Jesus didn’t have a visual thing that he focused on during his time in the desert, but he had something internal. He had his calling. I don’t know what you pray about for forty days – I hardly ever pray for even forty minutes – but Jesus had a lot on his mind right after his baptism. Right after his baptism, Luke says, Jesus was “full of the Holy Spirit,” and where did that lead him? To a great praise service with a really wonderful band? Last Sunday I preached in a Pentecostal church, New Harvest Church in San Juan de la Concepción, Nicaragua, and it was exciting. A great band with a driving beat, really raucous singing and praising, people jumping up and down and shouting “¡Gloria a Dios!” and “¡Alelúia!” It was grand. It was what you and I normally think of as being “full of the Holy Spirit.”

There was no drum set and subwoofer when Jesus was “full of the Holy Spirit;” instead, he went into the wilderness and fasted forty days. And then he was hungry. Oh, yeah. And the rest of the story suggests to me that he spent a lot of his time there praying about his calling. I’ve had this amazing experience – the Holy Spirit descending in the form of a dove, a voice saying, “You are my son, the Beloved; with you I am well pleased” – so what do I do now? What is my calling? What is the road that I am supposed to walk?

The Devil came to Jesus, focusing on his surface needs: “Jesus, you’re hungry; why not make these stones into bread? You’re the Messiah of God and are to rule over the nations; let me make it easy for you. You need to reveal to people your glory; I know just what you ought to do.” The Devil tried to distract Jesus with his surface needs; they are real needs, but not his deepest needs. Jesus was able to stay focused on his deepest need: the need to follow his calling, to walk the way of God.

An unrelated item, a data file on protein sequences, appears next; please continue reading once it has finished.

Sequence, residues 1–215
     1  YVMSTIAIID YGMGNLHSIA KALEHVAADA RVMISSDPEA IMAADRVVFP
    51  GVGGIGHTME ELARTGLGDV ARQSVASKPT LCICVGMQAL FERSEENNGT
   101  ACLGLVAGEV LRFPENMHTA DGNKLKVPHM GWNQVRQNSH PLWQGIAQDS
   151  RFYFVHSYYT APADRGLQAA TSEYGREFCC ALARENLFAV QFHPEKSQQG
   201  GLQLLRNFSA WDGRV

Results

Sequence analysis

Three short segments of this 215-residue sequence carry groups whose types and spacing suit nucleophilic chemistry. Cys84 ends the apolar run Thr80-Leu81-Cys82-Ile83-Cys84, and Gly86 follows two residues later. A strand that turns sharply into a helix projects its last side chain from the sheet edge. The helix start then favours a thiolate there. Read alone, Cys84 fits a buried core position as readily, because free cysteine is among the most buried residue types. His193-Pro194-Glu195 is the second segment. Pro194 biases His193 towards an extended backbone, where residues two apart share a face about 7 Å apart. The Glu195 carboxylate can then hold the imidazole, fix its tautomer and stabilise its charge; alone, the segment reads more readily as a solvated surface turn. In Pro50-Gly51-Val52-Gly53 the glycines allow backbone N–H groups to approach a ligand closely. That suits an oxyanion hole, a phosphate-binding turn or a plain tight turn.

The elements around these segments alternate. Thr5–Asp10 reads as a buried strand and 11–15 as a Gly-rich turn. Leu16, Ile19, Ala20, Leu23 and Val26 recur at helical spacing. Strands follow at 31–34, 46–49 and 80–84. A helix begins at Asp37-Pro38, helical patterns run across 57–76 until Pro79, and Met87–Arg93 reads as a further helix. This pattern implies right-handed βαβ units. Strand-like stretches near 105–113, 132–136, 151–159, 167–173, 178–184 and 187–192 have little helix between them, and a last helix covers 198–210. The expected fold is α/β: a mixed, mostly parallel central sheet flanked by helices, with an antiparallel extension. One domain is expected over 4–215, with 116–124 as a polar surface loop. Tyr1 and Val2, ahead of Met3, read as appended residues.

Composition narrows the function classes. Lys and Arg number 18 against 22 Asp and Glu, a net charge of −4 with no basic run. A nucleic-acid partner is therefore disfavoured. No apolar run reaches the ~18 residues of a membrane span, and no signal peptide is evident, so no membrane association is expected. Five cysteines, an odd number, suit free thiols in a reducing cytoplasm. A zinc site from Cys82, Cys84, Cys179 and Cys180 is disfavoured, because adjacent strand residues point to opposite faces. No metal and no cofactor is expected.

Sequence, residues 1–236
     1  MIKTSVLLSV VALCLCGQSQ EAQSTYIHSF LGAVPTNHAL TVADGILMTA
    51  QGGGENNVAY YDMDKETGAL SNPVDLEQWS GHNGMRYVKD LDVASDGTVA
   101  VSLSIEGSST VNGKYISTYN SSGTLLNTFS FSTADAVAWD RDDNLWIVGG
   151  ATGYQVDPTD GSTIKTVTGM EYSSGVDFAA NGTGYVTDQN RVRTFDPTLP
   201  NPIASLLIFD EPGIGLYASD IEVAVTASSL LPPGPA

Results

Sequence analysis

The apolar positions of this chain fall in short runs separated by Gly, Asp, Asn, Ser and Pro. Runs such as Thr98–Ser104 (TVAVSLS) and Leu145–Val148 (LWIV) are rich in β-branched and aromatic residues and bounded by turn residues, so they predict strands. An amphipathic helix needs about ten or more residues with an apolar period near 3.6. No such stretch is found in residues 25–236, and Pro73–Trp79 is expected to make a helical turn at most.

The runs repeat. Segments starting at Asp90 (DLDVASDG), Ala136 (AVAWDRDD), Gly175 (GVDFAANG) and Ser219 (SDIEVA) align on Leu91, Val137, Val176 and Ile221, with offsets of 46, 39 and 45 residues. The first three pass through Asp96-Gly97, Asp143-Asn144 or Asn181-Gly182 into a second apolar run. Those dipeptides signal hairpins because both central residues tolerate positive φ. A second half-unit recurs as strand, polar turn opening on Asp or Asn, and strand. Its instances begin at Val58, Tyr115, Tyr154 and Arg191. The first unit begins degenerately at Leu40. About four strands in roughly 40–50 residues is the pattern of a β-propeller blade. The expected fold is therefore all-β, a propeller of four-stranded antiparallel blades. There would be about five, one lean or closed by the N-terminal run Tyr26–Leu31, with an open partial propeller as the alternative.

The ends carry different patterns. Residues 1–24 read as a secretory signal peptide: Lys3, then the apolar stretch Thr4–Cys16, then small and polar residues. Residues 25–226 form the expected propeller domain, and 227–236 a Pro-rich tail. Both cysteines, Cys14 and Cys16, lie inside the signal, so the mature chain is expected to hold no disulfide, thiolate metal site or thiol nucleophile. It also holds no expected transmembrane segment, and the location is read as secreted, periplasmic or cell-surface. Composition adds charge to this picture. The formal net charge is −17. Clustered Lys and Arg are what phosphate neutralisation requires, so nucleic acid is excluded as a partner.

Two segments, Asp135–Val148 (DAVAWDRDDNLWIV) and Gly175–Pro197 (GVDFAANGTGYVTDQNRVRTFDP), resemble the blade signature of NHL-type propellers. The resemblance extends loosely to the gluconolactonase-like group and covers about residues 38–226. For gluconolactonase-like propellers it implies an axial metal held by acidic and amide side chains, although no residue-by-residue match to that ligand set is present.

And so the Devil left him, figuring he would get his chance later. The Devil thought that the Cross would be his chance to get Jesus for his own. Boy, was he wrong. And maybe that’s why we focus on the Cross during Lent, because the Cross shows us that Jesus’ deepest need was to walk the way of God, a way that led him to the Cross.

Although all of us who think of ourselves as people of Jesus Christ have this in common, that we are trying to walk the way of God, each of us has a slightly different calling on that way. Perhaps you know clearly what your way is. Some of you may think you’re retired; no, you retire from a job but you don’t retire from walking the way of God. But I’ll bet a lot of us still struggle, every day, to know what our calling is, how to walk the way of God. It’s time to focus, to set aside distractions, even if for only a few minutes a day, and focus on the way of God.

Here’s a question for you to ponder this week: What can you use to help you focus on the way of God? Maybe you have a picture or an object or something you can look at every day for a few minutes to help you focus. Or perhaps it’s a song that puts your mind in the right place. Or a short piece of Scripture, or one of the Lent devotional books we have for you this year. What will help you focus?

Robert A. Keefer

Presbyterian Church of the Master

Omaha, Nebraska